We also investigate whether the nonlinear interactions we observe indicate supralinear or sublinear effects. To do this, we fit a general linear model that includes second-order interaction terms to each neuron's response. The signs of the coefficients for the second-order terms indicate whether a certain nonlinear effect leads to a response higher (supralinear) or lower (sublinear) than expected from a purely additive relationship.

##### Clustering measurement.

Beyond the numbers of neurons selective to different task variables, an understanding of how preferences to task-variable identities cluster can inform network models. For this, we use a method inspired by the projection angle index of response similarity (PAIRS) measurement as described by Raposo et al. (2014). For this measure, each neuron is treated as a vector in selectivity space, where the dimensions represent preference to a given task-variable identity (Fig. 1*D*). To get these values, neuronal responses are fit with a general linear model (GLM) to find which task-variable identities significantly contribute to the firing rate. Note that this gives a β coefficient for each value of each task variable, such as C1 = *B*. These values dictate how the firing rate changes as task-variable identities differ from the reference condition TT = *Recognition*, C1 = *A*, and C2 = *B*. This is expressed as follows: *FR* = *FR _{ref}* +

*b*

_{1}[

*TT*=

*Recall*] +

*b*

_{2}[

*C*1 =

*B*] +

*b*

_{3}[

*C*1 =

*C*] +

*b*

_{4}[

*C*1 =

*D*] +

*b*

_{5}[

*C*2 =

*A*] +

*b*

_{6}[

*C*2 =

*C*] +

*b*

_{7}[

*C*2 =

*D*]. The β values found for each cell via this method are shown in Figure 3

*C*(nonsignificant coefficients—those with

*p*> 0.05—are set to 0).

This analysis does not include interaction terms (second-order or third-order terms). The reason for this is partly that, given the relatively few trials, the high-dimensional full GLM model would be difficult to confidently fit. In addition, analysis of clustering in a high-dimensional space (the full model would yield a 45-dimensional space) with a relatively small number of neurons would be difficult to interpret. Therefore, we look only at how the cells cluster according to their preference of the identities associated with the pure terms.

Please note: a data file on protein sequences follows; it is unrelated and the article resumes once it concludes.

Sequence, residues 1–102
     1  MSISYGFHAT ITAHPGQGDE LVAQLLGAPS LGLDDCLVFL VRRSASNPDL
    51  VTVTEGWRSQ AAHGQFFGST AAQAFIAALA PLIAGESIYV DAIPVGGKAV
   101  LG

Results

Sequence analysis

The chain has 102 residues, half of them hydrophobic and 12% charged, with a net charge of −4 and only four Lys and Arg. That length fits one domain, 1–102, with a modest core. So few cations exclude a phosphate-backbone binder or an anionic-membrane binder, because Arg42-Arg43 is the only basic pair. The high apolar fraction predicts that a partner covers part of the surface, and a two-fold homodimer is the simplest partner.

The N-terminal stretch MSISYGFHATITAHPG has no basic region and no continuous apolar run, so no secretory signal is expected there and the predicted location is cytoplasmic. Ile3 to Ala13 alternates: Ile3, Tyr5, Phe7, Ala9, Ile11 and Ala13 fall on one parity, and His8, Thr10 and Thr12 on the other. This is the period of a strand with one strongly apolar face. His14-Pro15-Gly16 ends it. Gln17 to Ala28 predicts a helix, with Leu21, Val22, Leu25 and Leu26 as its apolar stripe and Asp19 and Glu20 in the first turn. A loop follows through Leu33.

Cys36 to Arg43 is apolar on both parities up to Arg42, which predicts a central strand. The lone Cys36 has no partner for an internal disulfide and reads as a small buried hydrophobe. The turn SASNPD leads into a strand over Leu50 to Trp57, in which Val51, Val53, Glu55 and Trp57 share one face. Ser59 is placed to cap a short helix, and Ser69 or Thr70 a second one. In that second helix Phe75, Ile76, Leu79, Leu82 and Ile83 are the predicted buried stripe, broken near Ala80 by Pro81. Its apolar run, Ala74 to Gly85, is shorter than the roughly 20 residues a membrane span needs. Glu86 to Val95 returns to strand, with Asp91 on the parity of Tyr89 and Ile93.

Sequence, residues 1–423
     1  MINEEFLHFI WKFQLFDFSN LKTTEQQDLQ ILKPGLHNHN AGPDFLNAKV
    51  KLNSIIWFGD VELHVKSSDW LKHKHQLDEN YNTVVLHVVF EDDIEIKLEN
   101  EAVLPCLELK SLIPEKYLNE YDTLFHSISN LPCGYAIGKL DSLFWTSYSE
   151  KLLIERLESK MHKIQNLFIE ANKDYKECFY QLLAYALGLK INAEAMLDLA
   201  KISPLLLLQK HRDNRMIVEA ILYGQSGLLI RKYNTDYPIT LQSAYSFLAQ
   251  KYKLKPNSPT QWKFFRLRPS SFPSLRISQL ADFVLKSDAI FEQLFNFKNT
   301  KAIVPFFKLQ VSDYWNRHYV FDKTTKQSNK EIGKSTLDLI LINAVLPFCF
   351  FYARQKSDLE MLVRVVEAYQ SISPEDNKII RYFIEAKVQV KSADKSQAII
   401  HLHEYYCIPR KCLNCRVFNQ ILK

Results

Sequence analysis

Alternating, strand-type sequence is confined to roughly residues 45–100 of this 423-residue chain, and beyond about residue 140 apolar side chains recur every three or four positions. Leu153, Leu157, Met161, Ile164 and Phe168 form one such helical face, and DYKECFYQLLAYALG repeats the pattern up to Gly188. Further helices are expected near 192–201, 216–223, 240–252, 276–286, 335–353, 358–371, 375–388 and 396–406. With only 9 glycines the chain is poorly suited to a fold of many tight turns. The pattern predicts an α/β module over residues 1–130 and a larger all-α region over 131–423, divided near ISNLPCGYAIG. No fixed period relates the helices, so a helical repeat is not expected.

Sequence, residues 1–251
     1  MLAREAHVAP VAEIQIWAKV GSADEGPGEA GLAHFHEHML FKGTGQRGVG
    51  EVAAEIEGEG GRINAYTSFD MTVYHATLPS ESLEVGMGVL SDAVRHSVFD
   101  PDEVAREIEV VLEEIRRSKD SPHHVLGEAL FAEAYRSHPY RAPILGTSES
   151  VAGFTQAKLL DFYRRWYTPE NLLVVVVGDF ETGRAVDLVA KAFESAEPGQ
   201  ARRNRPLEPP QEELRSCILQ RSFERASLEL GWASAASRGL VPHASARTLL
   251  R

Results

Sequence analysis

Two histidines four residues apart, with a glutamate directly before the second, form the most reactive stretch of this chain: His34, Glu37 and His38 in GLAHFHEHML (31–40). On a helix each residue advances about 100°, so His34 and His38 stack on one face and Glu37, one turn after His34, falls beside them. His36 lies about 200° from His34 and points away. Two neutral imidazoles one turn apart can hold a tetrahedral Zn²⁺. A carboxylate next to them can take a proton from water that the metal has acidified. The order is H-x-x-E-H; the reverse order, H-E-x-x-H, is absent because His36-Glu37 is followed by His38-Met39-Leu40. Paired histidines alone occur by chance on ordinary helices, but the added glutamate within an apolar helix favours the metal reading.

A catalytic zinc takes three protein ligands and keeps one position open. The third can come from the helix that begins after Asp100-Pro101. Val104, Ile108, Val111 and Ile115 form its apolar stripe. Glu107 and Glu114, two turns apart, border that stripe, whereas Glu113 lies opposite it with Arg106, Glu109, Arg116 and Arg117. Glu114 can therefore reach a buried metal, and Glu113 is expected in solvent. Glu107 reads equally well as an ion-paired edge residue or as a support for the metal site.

The coefficients derived from the GLM define a vector in a 7-D vector space for each neuron (Fig. 1*D*). The clustering method compares the distribution of vectors generated by the data (each normalized to be unit length) to a uniform distribution on the unit hypersphere to determine whether certain combinations of preferences are more common than expected by chance.

In PAIRS (Raposo et al., 2014), this comparison is done by first computing the average angle between a given vector and its *k* nearest neighbors and seeing whether the distribution of those values differs between the data and a random population. That approach is less reliable in higher dimensions. Therefore, we use the Bingham test instead of PAIRS (Mardia and Jupp, 2000). The Bingham test calculates the test statistic . This statistic, which we refer to as the clustering value, measures the extent to which the scatter matrix, *T* (an approximation of the covariance matrix) differs from the identity matrix (scaled by 1/*p*), where *p* and *n* are the dimensions of the selectivity space (seven) and the number of cells (90), respectively. The higher this value is, the more the data deviates from a random population of vectors wherein selectivity values are assumed to be independent and identically distributed random variables. Thus, a high value suggests that neurons in the population cluster according to task-variable identity preferences. To put this clustering value into context, we compared the value found from the data to two distributions: one generated by shuffled data and one generated from data designed to be highly clustered. For the shuffled data, we created “fake” cell vectors by shuffling the selectivity values across all cells. For the clustered data, we created three categories of fake cells, each defined by pure selectivity to two specific task-variable identities. A population of 90 cells was created by combining 30 cells from each category (the population was also designed to have the same average firing rate and *FF _{T}* of the data). This results in a population that has three clear clusters of cell types in selectivity space. One hundred populations based on each type of fake data were created to generate distributions that represent random and clustered data.

Using the Giné–Ajne test of uniformity on the hypersphere (Giné, 1975) gives very similar results to the Bingham test results.

##### Circuit model.

To explore the circuit mechanisms behind PFC selectivity, we built a simple two-layer neural model, modeled on previous work (Barak et al., 2013; see Fig. 4*A*). The first layer consists of populations of binary neurons, with each population representing a task-variable identity. To replicate a given condition, the populations associated with the task-variable identities of that condition are turned on (set to 1) and all other populations are off (set to 0). Each population has a baseline of 50 neurons. To capture the biases in selectivities found in this dataset (particularly the fact that, in the 900 ms period we used for this analysis, many more cells show selectivity to TT than C2 and to C2 than C1), the number of neurons in the TT and C2 populations are scaled by factors that reflect these biases (80 cells in each TT population and 60 in each C2 population). The exact values of these weightings do not have a significant impact on properties of interest in the model.